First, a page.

Antibiotic resistance is an increasing problem in the health care system and we are in a constant race with evolving bacteria. Biofilm-associated growth is thought to play a key role in bacterial adaptability and antibiotic resistance. We employed a systems biology approach to identify candidate drug targets for biofilm-associated bacteria by imitating specific microenvironments found in microbial communities associated with biofilm formation. A previously reconstructed metabolic model of Pseudomonas aeruginosa (PA) was used to study the effect of gene deletion on bacterial growth in planktonic and biofilm-like environmental conditions. A set of 26 genes essential in both conditions was identified. Moreover, these genes have no homology with any human gene. While none of these genes were essential in only one of the conditions, we found condition-dependent genes, which could be used to slow growth specifically in biofilm-associated PA. Furthermore, we performed a double gene deletion study and obtained 17 combinations consisting of 21 different genes, which were conditionally essential. While most of the difference in double essential gene sets could be explained by different medium composition found in biofilm-like and planktonic conditions, we observed a clear effect of changes in oxygen availability on the growth performance. Eight gene pairs were found to be synthetic lethal in oxygen-limited conditions. These gene sets may serve as novel metabolic drug targets to combat particularly biofilm-associated PA. Taken together, this study demonstrates that metabolic modeling of human pathogens can be used to identify oxygen-sensitive drug targets and thus, that this systems biology approach represents a powerful tool to identify novel candidate antibiotic targets. [less ▲]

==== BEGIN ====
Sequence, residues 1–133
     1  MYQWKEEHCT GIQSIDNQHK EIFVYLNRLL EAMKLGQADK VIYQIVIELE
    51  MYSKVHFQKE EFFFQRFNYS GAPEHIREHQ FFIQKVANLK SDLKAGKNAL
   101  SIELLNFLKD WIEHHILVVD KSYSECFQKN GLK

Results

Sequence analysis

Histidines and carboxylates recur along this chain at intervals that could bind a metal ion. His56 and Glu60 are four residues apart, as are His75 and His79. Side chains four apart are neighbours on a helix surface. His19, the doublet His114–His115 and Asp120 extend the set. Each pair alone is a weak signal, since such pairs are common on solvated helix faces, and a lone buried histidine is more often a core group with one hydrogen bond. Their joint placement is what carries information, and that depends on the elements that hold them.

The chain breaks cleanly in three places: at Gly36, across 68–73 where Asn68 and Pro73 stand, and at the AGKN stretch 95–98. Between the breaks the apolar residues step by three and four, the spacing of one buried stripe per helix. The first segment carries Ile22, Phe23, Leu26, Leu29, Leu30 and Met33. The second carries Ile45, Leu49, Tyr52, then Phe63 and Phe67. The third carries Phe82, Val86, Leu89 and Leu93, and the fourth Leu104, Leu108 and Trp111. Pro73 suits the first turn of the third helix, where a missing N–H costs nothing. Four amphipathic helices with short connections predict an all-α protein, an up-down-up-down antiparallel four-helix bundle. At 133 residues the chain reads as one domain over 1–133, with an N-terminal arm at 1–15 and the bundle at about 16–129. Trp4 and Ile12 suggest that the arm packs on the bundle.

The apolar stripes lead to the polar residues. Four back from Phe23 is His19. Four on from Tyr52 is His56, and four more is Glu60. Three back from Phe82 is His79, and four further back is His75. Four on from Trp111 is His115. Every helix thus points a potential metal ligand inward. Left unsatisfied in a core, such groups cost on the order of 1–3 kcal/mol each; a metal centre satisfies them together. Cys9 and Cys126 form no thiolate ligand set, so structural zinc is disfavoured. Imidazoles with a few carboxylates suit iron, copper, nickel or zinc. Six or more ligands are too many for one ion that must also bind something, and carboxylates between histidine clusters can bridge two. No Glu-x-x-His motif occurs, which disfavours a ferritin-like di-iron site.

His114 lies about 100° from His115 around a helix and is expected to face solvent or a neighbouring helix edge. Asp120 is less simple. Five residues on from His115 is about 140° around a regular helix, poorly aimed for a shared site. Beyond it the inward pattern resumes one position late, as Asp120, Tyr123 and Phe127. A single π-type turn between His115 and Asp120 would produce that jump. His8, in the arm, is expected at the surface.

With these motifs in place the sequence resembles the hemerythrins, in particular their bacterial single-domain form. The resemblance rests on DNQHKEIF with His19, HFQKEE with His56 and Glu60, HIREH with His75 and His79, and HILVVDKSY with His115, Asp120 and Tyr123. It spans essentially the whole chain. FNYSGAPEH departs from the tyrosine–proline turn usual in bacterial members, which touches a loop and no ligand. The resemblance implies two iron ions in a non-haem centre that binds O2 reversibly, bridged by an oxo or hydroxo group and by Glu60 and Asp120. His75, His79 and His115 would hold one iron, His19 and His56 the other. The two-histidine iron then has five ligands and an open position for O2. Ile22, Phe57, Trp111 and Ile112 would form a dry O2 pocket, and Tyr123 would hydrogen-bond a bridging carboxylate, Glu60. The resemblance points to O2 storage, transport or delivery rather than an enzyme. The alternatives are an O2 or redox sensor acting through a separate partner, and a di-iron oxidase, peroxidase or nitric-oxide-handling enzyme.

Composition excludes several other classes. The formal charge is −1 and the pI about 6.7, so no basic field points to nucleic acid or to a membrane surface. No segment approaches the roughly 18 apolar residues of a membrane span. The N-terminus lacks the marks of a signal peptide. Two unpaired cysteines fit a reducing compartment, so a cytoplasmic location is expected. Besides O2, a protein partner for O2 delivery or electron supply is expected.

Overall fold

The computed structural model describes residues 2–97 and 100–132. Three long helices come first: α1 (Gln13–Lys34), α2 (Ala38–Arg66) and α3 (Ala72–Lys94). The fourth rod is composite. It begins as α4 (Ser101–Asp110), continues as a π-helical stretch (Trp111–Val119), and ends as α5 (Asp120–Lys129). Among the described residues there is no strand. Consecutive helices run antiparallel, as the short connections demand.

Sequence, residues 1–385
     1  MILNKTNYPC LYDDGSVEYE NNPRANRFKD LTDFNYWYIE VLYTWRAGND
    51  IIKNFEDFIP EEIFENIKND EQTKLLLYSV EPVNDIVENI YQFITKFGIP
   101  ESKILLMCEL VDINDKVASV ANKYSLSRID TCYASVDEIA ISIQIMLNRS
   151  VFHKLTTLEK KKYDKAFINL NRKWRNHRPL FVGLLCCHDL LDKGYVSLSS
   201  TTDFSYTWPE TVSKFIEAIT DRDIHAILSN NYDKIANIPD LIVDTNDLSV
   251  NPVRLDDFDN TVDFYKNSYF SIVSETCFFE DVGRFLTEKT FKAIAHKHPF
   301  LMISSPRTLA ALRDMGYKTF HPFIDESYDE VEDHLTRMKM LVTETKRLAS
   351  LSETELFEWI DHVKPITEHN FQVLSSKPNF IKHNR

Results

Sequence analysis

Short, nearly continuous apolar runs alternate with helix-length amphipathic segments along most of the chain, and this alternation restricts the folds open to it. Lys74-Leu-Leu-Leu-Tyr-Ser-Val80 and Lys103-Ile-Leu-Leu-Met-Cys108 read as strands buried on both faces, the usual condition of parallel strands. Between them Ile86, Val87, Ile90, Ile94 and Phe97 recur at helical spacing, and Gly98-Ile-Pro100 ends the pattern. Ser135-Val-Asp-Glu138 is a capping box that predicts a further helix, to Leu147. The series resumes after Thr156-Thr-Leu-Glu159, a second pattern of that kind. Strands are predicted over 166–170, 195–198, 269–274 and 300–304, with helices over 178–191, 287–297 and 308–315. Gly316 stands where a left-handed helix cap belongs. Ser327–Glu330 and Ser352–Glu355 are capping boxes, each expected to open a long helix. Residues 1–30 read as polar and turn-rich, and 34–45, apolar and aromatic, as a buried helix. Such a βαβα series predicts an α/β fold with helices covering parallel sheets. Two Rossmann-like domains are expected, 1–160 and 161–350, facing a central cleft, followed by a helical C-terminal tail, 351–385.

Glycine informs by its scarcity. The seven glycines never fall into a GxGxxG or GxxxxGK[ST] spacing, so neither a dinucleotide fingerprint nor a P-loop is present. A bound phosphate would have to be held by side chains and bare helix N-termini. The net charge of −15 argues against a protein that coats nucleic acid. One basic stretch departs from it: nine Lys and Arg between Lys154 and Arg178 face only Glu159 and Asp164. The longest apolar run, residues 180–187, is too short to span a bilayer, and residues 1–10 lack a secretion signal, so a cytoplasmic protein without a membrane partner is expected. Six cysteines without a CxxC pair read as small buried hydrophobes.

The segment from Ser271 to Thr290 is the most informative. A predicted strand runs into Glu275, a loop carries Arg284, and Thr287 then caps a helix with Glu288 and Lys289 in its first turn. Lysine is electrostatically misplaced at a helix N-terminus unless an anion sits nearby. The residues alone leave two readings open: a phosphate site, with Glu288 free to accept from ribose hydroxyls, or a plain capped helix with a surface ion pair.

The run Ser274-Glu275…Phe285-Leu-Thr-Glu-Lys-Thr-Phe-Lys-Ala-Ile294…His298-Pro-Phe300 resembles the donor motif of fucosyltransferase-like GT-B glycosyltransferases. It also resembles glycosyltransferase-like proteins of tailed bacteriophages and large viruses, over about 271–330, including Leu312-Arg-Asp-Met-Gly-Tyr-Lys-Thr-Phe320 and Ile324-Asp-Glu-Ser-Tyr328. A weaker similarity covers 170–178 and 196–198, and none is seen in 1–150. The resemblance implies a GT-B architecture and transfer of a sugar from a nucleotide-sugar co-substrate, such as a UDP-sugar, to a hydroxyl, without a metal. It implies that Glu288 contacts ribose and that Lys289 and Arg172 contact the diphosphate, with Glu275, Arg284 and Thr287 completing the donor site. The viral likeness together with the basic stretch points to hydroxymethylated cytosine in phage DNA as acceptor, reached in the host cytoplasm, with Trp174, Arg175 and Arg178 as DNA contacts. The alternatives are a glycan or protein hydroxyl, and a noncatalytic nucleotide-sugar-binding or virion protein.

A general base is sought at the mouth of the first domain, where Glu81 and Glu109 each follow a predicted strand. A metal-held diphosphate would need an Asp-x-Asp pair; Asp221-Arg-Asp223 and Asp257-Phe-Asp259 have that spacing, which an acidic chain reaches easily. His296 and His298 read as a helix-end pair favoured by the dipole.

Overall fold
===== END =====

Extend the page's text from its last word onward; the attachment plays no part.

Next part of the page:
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See detailContextualization procedure and modeling of monocyte specific TLR signaling.
Aurich, Maike Kathrin UL; Thiele, Ines UL

in PLoS ONE (2012), 7(12), 49978

Innate immunity is the first line of defense against invasion of pathogens. Toll-like receptor (TLR) signaling is involved in a variety of human diseases extending far beyond immune system-related ... [more ▼]